• The patient’s specific sleep apnea diagnosis (OSA, CSA, or MSA)
  • Their prescribed pressure rate(s) or range, depending on whether they are seeking CPAP, BiPAP, or APAP
  • How long treatment is needed

Insurance purposes: Medical insurance is not needed to purchase Class II Medical Devices used in PAP therapy. However, insurance providers require a prescription in order to cover payments for this equipment. The difference in out-of-pocket costs between insured and non-insured individuals an amount to hundreds — potentially even thousands — of dollars, depending on the equipment they are purchasing.

CPAP, BiPAP, and APAP Prescription Requirements

Now let’s look at the unique criteria for CPAP, BiPAP, and APAP prescriptions.

CPAP machines deliver airflow at a steady (or ‘continuous’) rate throughout the night. In order to obtain a CPAP device, the prescription must feature the following:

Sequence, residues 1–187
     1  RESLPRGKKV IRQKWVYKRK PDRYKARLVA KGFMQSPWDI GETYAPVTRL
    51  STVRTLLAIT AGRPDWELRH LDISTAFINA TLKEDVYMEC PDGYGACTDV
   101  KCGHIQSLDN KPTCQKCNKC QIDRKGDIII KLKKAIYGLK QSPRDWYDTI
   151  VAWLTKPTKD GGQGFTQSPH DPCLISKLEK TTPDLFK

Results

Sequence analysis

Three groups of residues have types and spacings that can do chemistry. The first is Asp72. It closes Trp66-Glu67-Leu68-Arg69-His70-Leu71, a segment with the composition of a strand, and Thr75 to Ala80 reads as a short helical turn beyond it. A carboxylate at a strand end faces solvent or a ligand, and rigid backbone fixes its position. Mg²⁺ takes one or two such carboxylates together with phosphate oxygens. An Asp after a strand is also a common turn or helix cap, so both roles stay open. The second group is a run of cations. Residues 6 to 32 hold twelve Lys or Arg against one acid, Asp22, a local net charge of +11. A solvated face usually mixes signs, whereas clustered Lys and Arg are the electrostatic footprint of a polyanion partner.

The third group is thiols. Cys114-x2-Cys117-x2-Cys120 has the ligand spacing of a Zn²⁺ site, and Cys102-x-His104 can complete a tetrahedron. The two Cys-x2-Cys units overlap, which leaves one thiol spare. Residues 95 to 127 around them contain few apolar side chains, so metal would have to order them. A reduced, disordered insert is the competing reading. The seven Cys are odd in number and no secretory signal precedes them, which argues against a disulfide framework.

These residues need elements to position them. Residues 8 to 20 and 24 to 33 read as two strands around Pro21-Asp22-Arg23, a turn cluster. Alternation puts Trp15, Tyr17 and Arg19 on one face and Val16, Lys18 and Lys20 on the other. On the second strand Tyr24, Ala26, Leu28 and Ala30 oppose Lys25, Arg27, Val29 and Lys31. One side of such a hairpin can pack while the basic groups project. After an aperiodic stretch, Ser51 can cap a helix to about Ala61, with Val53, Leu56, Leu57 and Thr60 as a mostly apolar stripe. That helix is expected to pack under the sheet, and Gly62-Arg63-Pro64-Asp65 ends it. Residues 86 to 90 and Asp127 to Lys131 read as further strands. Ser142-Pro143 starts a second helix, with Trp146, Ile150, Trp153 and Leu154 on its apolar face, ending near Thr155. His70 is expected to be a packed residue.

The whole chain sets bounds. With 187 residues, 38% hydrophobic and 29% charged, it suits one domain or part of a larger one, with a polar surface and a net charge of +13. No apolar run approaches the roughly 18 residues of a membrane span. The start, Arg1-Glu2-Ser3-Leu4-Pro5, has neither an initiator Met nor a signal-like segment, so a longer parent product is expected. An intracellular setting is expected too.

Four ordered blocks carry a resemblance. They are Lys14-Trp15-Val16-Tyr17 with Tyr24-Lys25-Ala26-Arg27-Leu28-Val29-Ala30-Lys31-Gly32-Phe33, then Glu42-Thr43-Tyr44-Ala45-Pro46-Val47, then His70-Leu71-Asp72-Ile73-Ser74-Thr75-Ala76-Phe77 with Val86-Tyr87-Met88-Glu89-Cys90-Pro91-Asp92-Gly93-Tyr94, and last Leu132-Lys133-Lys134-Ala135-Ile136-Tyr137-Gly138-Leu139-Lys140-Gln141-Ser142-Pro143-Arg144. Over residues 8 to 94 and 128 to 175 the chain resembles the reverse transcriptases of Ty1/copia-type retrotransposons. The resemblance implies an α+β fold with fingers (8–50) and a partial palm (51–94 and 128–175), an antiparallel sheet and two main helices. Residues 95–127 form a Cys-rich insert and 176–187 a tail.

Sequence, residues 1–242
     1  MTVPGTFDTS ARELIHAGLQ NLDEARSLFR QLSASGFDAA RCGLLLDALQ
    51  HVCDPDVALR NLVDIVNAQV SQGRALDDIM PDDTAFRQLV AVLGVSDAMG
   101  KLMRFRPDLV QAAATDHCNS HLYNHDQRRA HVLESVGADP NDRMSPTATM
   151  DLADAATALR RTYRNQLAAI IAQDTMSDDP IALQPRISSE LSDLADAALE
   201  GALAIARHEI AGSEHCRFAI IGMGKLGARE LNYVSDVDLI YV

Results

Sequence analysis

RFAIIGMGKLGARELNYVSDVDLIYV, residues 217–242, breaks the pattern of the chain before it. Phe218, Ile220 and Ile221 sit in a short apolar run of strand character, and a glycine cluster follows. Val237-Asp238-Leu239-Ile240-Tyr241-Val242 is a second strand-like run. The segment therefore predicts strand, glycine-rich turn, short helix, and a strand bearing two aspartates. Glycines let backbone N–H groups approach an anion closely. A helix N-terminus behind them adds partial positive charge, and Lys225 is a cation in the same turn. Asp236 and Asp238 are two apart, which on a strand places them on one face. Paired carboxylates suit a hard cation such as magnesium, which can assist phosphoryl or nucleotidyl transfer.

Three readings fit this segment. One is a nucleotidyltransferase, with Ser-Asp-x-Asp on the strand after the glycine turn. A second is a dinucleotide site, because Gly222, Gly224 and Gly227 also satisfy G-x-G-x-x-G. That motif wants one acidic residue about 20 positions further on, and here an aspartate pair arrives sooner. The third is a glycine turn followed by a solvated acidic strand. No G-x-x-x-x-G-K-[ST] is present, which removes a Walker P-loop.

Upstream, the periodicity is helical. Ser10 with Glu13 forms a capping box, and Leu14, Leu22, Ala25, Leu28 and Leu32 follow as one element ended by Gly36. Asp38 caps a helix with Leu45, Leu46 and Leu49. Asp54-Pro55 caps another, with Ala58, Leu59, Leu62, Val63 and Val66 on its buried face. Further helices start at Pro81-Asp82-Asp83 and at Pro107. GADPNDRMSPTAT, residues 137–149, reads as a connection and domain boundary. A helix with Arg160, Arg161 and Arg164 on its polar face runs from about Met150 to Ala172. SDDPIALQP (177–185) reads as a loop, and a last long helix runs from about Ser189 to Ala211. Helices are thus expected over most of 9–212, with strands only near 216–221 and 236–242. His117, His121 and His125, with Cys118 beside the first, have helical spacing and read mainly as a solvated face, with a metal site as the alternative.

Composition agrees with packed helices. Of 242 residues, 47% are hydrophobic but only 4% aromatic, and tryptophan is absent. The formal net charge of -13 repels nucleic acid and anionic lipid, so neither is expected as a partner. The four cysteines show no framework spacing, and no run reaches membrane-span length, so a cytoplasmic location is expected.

• Verbatim language that directly identifies the device, such as ‘CPAP’ or ‘continuous positive air pressure’
  • The prescription writer’s contact information, full name, and signature
  • The patient’s full name
  • The patient’s specific sleep apnea diagnosis (OSA, CSA, or MSA)
  • The patient’s specific pressure setting (i.e., 12cmH20)

BiPAP machines deliver airflow at two pressure settings; the first setting (breathing in pressure, or IPAP) is based on the patient’s breathing during inhalation, and the second setting (breathing out pressure, or EPAP) is based on their breathing during exhalation. The following items are needed for a BiPAP device prescription:

  • Verbatim language that directly identifies the device, such as ‘BiPAP’ or ‘Bilevel’